Since the Michigan Supreme Court decision in Lugo v Ameritech Corp Inc, 464 Mich 512; 629 NW2d 384 (2001), Michigan courts have allowed defendants in premises cases to argue the open and obvious defense. This defense acts as a complete bar to a premises liability claim where the premises’ condition was open and obvious based on an objective standard of whether an average person with ordinary intelligence would have discovered the condition upon casual inspection. There are two exceptions for “special aspects” where the condition is “unreasonably dangerous” or “effectively unavoidable.”
This defense has resulted in a considerable decrease in premises liability claims. However, in 2021, three of the justices of the Supreme Court, Justices McCormick, Bernstein and Cavanagh, signed a concurring opinion in the case of Estate of Donna Livings v Sage’s Inv Grp LLC, 507 Mich 328; 968 NW2d 397 (2021) in which they criticized the open and obvious defense and questioned its continued viability. These justices questioned whether the nature of the hazard should either merely create a rebuttable presumption or simply be taken into account when a jury assesses a plaintiff’s comparative fault rather than serve as an absolute defense.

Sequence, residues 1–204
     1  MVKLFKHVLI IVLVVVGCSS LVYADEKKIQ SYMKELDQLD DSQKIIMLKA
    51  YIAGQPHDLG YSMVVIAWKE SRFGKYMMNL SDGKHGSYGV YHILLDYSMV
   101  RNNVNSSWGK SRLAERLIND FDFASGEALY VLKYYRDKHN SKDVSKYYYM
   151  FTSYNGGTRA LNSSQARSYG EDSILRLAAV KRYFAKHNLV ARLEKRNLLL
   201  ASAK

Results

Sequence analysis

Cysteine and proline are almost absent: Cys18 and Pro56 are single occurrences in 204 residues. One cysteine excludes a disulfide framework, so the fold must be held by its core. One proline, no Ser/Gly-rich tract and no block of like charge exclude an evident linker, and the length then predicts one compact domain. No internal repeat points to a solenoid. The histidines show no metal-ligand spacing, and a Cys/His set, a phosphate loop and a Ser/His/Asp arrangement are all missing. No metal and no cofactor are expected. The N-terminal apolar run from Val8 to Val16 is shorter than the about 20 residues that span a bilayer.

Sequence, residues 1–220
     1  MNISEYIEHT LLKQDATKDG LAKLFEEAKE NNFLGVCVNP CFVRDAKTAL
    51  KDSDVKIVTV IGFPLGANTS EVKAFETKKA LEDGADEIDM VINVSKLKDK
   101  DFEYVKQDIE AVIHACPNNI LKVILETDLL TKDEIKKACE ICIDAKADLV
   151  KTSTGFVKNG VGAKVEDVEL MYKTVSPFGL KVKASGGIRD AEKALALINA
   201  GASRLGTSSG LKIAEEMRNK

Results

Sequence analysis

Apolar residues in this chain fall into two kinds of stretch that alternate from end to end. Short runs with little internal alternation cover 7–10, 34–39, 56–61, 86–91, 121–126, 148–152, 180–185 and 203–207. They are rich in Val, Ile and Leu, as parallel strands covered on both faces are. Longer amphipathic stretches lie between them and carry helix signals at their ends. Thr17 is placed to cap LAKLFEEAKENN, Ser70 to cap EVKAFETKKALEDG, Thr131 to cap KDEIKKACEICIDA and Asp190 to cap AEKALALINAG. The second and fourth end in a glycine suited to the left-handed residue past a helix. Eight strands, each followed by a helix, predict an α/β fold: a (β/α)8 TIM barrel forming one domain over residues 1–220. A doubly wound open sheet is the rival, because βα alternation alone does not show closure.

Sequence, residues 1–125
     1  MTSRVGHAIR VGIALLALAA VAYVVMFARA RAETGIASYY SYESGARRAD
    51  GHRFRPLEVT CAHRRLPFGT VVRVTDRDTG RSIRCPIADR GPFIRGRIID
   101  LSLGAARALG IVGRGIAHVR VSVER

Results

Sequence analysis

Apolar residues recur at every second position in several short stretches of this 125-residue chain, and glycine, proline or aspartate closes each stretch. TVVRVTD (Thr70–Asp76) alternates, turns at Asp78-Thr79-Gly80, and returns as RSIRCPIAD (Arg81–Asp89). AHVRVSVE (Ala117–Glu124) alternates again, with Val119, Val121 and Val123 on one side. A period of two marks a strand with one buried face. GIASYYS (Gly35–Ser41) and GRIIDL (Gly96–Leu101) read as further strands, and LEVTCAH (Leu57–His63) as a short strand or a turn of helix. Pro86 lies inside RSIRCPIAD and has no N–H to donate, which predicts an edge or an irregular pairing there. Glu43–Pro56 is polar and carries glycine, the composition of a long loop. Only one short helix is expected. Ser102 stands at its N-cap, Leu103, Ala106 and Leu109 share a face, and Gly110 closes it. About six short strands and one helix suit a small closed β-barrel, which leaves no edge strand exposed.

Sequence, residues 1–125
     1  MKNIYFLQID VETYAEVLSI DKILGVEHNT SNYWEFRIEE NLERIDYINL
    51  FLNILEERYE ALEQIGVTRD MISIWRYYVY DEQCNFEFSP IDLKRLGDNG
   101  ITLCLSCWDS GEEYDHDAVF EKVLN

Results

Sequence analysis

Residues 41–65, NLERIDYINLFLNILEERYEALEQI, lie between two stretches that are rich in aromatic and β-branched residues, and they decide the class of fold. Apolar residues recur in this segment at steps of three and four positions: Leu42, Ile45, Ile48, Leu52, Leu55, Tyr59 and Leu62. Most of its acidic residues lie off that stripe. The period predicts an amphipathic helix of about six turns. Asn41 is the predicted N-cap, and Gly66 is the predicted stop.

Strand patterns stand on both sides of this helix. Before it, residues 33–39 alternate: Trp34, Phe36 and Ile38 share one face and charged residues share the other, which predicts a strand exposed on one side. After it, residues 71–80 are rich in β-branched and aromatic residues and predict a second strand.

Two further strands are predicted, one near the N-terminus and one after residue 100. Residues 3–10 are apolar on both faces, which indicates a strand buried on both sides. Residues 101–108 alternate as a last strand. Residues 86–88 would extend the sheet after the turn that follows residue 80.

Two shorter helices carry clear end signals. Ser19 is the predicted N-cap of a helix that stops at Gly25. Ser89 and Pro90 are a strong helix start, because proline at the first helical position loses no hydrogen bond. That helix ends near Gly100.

In March of this year, the Michigan Supreme Court held oral arguments on three appeals pertaining to the ongoing viability of the open and obvious defense. The Court expressly asked the parties to address whether the current law is consistent with Michigan’s general rules of comparative negligence and whether the Court should overrule its prior decisions and adopt a new approach for analyzing premises liability cases under an alternative framework. These cases are Kandil-El Sayed v F&E Oil, Inc., Supreme Court Docket No. 162907, Pinsky v Kroger, Supreme Court Docket No. 163430, and Becker v Enterprise Leasing, Supreme Court Docket No. 163702.
The Court will likely issue a decision by the end of this month. There is a good chance the Court will be modifying, if not outright eliminating, the open and obvious defense. As soon as the Court issues its opinion, we will advise of the result and our assessment of the decision’s impact.